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Rats may have power of imagination, research reveals

<span>Photograph: blickwinkel/Alamy</span>
Photograph: blickwinkel/Alamy

Whether dreaming of a white Christmas or simply pondering how best to rearrange the furniture, humans are able to conjure up myriad situations that are not in front of us. Now it seems rats may be able to do something similar.

Researchers have found that rats can navigate their way through a space they have previously explored using their thoughts alone, suggesting the rodents have some sort of imagination.

Chongxi Lai, the first author of the study from the Howard Hughes Medical Institute Janelia Research Campus, said the study was the first to show animals can, at will, flexibly activate the brain’s representations of places that are distant from where they currently are.

“This is a fundamental building block of a specific type of imagination, one that enables us to project ourselves into the past or future, within a certain scenario,” he said.

Writing in the journal Science, the researchers note that a region of the brain called the hippocampus contains a sort of mental model, or map, depicting previously explored environments. When an individual moves through specific locations within such an environment, particular neurons fire in the brain.

However, humans can, at will, imagine navigating their way through places they have previously visited – for example the corridors of a workplace.

To explore whether rats can do the same, and unpick a possible mechanism, researchers employed a brain-machine interface in which electrodes were surgically implanted into the rats’ brains. The rats were then placed on a treadmill ball within a 360-degree immersive virtual reality (VR) arena, and presented with an on-screen goal to run towards.

As the rats moved, and the treadmill ball turned, the animal’s apparent location within the VR environment updated on screen – as if the rat was running through a real environment. When the rats reached the goal, they received a treat and the goal was moved within the VR environment. The process was then repeated.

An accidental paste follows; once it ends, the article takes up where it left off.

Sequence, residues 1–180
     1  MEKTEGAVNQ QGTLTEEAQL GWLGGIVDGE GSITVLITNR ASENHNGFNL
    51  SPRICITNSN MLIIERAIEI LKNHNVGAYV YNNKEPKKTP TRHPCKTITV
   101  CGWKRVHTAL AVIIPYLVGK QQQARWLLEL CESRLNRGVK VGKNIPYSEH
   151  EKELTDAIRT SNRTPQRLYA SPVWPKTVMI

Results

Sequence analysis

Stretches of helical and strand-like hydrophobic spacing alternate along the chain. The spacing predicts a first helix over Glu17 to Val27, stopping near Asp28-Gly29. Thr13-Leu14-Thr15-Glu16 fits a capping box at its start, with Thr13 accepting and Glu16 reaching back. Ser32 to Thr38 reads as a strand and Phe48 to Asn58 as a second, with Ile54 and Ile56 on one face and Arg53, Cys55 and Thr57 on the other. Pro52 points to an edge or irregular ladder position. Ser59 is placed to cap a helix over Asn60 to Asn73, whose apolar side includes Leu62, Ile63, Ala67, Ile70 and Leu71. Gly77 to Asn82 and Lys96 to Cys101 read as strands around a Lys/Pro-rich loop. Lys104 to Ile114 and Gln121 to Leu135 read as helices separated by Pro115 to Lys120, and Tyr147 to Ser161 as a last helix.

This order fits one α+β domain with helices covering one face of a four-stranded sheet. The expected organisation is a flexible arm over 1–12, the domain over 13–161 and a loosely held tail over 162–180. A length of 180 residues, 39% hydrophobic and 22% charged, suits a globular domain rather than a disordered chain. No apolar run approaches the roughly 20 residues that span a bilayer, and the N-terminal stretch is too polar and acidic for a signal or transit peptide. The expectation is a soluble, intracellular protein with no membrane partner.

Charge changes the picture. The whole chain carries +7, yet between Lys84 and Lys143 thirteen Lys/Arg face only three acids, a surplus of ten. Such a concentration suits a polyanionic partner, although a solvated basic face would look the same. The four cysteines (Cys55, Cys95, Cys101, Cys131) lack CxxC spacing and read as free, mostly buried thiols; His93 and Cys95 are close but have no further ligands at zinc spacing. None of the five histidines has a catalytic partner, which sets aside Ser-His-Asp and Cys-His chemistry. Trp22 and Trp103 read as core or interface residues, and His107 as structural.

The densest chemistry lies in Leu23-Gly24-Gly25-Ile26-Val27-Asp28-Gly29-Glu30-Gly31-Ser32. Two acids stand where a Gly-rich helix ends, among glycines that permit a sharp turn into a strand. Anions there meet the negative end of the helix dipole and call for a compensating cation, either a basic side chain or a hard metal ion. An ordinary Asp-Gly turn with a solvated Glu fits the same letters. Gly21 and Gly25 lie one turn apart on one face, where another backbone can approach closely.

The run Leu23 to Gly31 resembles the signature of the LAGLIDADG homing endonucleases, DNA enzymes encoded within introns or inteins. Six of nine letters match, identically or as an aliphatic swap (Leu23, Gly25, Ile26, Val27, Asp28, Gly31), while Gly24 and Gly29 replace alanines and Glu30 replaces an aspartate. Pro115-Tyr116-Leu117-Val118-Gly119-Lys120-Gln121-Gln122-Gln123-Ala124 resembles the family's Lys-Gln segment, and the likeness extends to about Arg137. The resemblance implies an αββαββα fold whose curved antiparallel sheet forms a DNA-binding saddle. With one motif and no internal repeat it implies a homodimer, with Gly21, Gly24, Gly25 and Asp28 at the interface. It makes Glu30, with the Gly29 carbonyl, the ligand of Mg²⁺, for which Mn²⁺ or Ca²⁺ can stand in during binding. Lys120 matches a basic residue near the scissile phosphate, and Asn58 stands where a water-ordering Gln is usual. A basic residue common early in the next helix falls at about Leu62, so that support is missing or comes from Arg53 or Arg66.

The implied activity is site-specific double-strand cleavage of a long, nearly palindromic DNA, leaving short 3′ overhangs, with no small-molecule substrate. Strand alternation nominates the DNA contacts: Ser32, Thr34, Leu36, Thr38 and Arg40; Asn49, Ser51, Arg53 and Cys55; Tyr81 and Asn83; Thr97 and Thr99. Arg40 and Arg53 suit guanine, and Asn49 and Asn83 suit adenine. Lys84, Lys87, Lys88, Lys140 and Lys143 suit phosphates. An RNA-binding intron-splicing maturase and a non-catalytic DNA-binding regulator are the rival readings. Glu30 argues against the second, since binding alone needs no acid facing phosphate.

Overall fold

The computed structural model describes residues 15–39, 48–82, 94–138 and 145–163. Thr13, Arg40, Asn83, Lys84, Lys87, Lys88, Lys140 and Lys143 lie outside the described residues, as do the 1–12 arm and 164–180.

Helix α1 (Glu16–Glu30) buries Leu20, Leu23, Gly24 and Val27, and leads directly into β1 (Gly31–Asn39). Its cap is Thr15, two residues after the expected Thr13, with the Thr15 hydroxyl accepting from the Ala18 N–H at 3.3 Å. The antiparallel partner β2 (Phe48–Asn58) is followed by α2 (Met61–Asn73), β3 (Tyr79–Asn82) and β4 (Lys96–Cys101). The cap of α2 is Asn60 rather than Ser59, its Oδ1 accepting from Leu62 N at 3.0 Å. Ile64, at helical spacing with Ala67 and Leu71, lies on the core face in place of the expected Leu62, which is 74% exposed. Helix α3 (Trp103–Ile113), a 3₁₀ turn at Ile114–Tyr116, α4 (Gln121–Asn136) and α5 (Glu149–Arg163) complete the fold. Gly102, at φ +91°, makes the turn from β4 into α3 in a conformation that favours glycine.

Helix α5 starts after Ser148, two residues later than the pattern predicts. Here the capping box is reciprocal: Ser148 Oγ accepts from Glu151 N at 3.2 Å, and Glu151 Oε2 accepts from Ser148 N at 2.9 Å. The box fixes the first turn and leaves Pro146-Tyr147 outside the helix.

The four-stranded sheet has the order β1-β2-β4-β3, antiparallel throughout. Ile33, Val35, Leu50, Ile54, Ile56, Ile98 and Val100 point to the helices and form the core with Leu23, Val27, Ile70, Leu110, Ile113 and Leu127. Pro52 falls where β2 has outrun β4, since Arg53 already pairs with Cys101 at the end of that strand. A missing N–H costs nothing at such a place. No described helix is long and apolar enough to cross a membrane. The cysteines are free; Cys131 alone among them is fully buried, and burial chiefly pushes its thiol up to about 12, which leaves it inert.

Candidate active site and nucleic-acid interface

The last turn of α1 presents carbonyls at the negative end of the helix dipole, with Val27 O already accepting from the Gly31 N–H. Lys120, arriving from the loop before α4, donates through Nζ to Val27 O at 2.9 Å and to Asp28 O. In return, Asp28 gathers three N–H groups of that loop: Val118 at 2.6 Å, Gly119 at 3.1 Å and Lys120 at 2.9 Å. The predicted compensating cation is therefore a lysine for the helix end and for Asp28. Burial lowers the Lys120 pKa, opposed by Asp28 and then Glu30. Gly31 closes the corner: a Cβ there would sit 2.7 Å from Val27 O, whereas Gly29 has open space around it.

During this initial phase, the team recorded the activity within the animals’ hippocampus. They then used a computer system to translate this neural activity to specific locations within the VR environment.

In the next step, the researchers decoupled the treadmill from the VR system. This meant the rats could not reach the goal by running on the treadmill. Instead, they could only use their brain activity to navigate through the VR environment.

By analysing the activity in rats’ hippocampus in real time during the task, the team were able to update the screen every 100 milliseconds with the animals’ current location in the VR environment, based on what was happening in their brain.

The results reveal the rats could indeed navigate to the goal using just their brain activity.

In a subsequent experiment, the team gave the rats a “Jedi task” in which the animals themselves were stationary but had to direct an object on the screen to a particular goal within the VR environment using only their brain activity. Once again, the rats were able to do so.

Prof Tim Harris, another author of the work at the Howard Hughes Medical Institute, said it was thought that in humans, imagination and recall is linked to activity in the hippocampus similar to that which occurs in the real-life scenario.

“To this end, it is fair to say the rats do imagine,” he said.